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NCT ID: NCT03579446 Not yet recruiting - Pain Clinical Trials

Levorphanol as A Second Line Opioid in Reducing Pain in Participants With Cancer

Start date: September 7, 2018
Phase: Early Phase 1
Study type: Interventional

This early phase I trial studies how well levorphanol works as a second line opioid in reducing pain in participants with cancer that may have spread to other places in the body. Levorphanol may work better in controlling cancer pain.

NCT ID: NCT03562793 Not yet recruiting - Pain Clinical Trials

Communication and Activation in Pain to Enhance Relationships and Treat Pain With Equity

COOPERATE
Start date: August 1, 2018
Phase: Early Phase 1
Study type: Interventional

Chronic pain affects approximately 100 million Americans and 40-70% of Veterans, and amounts to over $600 billion/year in direct medical costs and lost worker productivity. Racial disparities in pain care are well-documented, within and outside VA. Minorities are more likely to be undertreated for pain, are subjected to more urine drug tests, and are referred for substance abuse evaluation more frequently than Whites. Minority patients also exhibit lower levels of engagement and active involvement in their healthcare, which leads to poorer communication with providers and poorer outcomes. COOPERATE is a randomized controlled trial testing an intervention to improve minority Veterans' active participation in their pain care by focusing on 2 essential skill sets: 1) goal-setting and prioritization, and 2) communication skills.

NCT ID: NCT03562481 Not yet recruiting - Pain Clinical Trials

Clinical Trial Comparing Effectiveness of Buffered Versus Unbuffered Local Anesthetic in Children Ages 10-12 Years

Start date: June 2018
Phase: Phase 4
Study type: Interventional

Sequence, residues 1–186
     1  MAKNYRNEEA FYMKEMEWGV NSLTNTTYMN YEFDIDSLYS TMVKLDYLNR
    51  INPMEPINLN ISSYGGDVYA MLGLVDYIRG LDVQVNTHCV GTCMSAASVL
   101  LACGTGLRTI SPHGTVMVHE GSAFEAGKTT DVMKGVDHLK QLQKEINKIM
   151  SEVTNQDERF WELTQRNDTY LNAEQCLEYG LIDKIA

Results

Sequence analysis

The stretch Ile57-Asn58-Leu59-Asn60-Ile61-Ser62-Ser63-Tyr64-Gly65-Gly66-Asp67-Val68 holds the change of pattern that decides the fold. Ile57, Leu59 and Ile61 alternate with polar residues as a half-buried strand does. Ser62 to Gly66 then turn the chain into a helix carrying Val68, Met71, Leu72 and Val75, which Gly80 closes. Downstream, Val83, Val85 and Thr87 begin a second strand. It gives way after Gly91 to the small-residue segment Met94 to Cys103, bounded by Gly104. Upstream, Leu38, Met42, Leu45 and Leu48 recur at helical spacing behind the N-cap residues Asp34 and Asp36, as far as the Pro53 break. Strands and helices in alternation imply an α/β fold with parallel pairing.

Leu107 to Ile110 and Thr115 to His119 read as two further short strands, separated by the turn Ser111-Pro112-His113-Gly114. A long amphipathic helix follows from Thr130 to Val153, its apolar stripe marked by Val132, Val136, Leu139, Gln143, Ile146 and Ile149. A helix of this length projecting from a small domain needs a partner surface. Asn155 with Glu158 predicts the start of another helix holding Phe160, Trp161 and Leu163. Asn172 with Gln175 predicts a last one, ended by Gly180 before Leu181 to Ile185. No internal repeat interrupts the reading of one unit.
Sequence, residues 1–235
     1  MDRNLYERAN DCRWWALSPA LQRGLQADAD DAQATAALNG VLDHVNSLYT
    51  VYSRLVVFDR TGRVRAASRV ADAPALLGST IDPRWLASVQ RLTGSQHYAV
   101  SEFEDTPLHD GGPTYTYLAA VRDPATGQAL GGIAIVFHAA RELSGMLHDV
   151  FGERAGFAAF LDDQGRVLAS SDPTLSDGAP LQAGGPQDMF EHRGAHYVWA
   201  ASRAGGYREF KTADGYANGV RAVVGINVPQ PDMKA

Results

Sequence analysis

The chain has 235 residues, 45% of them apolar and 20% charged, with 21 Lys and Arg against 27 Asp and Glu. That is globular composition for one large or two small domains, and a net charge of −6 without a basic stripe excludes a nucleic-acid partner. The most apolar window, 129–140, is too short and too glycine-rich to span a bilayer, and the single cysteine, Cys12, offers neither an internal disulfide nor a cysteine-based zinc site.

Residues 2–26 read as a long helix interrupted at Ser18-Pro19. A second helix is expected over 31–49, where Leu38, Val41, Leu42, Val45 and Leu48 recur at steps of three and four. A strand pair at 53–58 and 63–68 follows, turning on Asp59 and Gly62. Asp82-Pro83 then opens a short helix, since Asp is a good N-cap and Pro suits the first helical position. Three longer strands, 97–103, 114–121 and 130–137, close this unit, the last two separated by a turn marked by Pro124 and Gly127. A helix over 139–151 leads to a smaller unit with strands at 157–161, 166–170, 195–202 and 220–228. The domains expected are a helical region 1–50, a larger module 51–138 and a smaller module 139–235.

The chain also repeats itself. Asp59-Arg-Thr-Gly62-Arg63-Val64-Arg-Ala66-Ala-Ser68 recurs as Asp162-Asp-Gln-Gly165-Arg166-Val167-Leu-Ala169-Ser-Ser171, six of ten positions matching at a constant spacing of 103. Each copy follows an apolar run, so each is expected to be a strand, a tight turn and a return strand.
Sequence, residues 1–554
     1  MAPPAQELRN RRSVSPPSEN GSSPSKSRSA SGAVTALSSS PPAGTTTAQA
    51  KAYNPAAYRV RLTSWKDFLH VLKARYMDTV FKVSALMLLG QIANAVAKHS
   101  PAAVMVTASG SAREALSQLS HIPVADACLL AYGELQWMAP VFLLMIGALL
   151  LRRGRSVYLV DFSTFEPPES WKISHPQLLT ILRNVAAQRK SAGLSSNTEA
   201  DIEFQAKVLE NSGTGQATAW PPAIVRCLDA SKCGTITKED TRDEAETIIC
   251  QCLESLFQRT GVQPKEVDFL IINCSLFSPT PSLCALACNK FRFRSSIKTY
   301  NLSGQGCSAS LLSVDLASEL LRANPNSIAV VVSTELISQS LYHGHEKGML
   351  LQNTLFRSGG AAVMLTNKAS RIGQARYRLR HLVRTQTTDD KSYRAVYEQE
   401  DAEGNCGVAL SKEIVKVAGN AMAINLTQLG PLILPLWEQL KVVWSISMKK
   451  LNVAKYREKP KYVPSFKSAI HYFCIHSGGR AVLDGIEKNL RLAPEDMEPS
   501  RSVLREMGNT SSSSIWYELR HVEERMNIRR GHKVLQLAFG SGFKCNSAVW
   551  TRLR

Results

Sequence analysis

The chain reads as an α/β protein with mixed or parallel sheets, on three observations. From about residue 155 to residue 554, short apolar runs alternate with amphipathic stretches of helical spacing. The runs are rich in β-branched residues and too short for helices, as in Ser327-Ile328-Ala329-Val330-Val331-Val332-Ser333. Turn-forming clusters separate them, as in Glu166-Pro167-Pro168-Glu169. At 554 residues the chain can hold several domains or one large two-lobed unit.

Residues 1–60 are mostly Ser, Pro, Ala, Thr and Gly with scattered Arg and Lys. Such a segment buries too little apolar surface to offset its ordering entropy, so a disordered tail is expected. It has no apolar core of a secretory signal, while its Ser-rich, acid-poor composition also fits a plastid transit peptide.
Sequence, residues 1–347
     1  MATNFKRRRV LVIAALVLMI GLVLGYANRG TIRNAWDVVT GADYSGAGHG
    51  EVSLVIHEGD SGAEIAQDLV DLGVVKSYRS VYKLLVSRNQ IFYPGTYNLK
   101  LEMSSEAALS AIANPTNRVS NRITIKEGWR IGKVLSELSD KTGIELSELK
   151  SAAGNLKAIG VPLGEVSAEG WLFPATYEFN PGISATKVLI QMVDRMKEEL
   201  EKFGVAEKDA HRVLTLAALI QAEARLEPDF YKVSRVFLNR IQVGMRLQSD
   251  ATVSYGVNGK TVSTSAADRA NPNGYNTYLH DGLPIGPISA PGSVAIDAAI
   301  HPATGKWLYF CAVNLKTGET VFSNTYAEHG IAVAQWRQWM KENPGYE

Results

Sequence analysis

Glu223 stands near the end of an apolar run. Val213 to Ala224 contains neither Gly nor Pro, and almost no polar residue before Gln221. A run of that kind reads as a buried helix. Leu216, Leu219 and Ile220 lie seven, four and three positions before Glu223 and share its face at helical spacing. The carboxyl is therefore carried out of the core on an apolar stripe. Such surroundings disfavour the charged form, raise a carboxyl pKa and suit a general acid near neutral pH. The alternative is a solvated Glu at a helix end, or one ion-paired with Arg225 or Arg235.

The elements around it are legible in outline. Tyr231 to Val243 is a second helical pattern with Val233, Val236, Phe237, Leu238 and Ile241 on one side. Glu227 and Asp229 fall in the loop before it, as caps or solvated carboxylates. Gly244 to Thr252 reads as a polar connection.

Local anesthesia is an integral part of clinical pediatric dental practice, but it has challenges. It can be uncomfortable for children, and the risk of adverse events limits how much is used. Some evidence suggests benefits of buffering local anesthetics including equal effect with less pain on injection. These findings have not been replicated and validated among pediatric populations, creating a gap in the knowledge base. To address this knowledge gap and contribute to the evidence base on safety and efficacy of local anesthesia in pediatric dentistry, this investigation proposes to compare the anesthetic effects of buffered 1% lidocaine with those of unbuffered 2%, among children. The specific aims of this investigation are to determine differences between buffered 1% and unbuffered 2% lidocaine (both with 1:100,000 epinephrine) used for inferior alveolar nerve block (IAN) anesthesia, in the following domains: 1. Pain experience on injection, time to onset following the administration, and time to recovery [subjective] 2. Blood lidocaine levels 15 minutes following the administration and duration of pulpal anesthesia [objective] Null Hypotheses: 1. No difference exists in anesthetic effectiveness for pulpal anesthesia after intraoral IAN block between buffered 1% Lidocaine with 1:100,000 epinephrine as compared to unbuffered 2% Lidocaine with 1:100,000 epinephrine. 2. No differences exist in peak blood lidocaine levels, pain on injection, time to lip numbness, and duration of anesthesia between the two drug formulations. Randomized subjects will be injected orally for bottom jaw anesthesia, with 3cc of buffered 1% lidocaine (30mg) 1:100,000 epinephrine or 3cc unbuffered of 2% lidocaine (60mg) 1:100,000 epinephrine. The injectable volume of the buffered formulation will include 0.3cc of 8.4% sodium bicarbonate. One faculty member in the Department of Pediatric Dentistry at the University of North Carolina (UNC) School of Dentistry will administer the drugs in the Pediatric Dentistry clinic. The same clinician will administer injection to the same subjects at both visits. Clinicians and subjects will not know which drug formulation is given at which appointment. A clinician will measure the level of discomfort on injection, how long it takes for the lip to be numb, how long it takes for the first molar tooth in that area to be numb, how long it takes the local anesthetic to wear off, and how much of the anesthetic is in the blood.